The long asci (200-275 x 20-23 µm) are particularly interesting. Not only do they have quite lovely squiggly tails, they also each have a very cool operculum (lid that opens to release the spores) that, instead of being apical, opens to the side, which makes the empty asci look like eyeless sea creatures with their mouths open.  

Ascus of Microstoma protractum has orperculum
The asci have strangely lateral operculi (lids that open to release their spores). 

The only thing disappointing about this fabulous little asco was that — being forced to prematurely pluck them — I did not get any pictures of them in situ. Though these lovely little red cups are, indeed, often found in moist areas just after the snow melts, I have not been able to find any reference to their growing while submerged under water, which mine must have done — the mud they had erupted from had clearly been very recently under water (earlier that day? the day before?), probably for a duration of at least several weeks while the snow was melting, and the two that were mature enough to open were packed with mud. It would have been nice to have a record of them growing in this peculiar habitat.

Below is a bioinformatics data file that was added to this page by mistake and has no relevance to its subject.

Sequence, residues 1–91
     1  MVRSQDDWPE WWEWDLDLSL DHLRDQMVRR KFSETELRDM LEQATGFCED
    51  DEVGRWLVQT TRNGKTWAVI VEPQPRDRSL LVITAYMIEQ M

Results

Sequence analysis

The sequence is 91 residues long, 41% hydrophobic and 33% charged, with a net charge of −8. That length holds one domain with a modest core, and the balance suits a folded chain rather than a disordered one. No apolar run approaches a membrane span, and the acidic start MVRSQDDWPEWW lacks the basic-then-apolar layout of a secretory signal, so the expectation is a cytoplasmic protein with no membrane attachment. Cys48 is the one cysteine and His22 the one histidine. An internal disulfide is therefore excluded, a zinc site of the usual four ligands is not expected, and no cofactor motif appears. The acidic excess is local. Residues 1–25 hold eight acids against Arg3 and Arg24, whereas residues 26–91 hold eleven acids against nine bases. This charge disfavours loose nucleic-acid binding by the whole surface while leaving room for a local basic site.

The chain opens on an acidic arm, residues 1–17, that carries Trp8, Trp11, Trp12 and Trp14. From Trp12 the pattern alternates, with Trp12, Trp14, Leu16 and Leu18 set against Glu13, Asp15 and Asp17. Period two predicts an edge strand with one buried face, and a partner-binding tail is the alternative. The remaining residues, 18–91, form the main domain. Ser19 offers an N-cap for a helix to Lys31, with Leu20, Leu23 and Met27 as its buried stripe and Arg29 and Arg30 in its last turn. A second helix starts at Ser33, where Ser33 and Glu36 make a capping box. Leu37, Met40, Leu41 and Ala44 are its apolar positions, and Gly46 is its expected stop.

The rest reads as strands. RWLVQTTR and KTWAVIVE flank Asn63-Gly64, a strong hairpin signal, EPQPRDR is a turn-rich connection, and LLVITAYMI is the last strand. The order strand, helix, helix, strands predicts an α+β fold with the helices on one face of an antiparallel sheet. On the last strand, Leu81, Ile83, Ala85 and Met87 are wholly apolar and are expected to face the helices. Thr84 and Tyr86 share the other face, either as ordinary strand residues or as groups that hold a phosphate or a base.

microstoma protractum grows in moist places

So I went back to see if there were more that I had missed. Though there was nothing to find in the mud beside the water in the spot I'd found the first ones, tucked behind a log a few meters away and a few feet up from the water, I found another patch — not exactly a bouquet, but enough for some photos!


I went back four days after I found the second batch and found another poking out of the original spot. Here's a picture:
microstoma protractum in mud


Ascomycete Fungi of North America: a mushroom reference guide. By. Michael W . Beug, Alan E. Bessette, and Arleen R. Bessette. 2014. Austin: University of Texas Press

Spinner, B. The Larger Cup Fungi in Britain, Field Mycology Volume 1(4), October 2000

Microstoma protractum on Funghi in Italia 

Microstoma protractum on Mycoquebec


  1. Such a prolific and eloquent mind! Thank you for this very entertaining publication.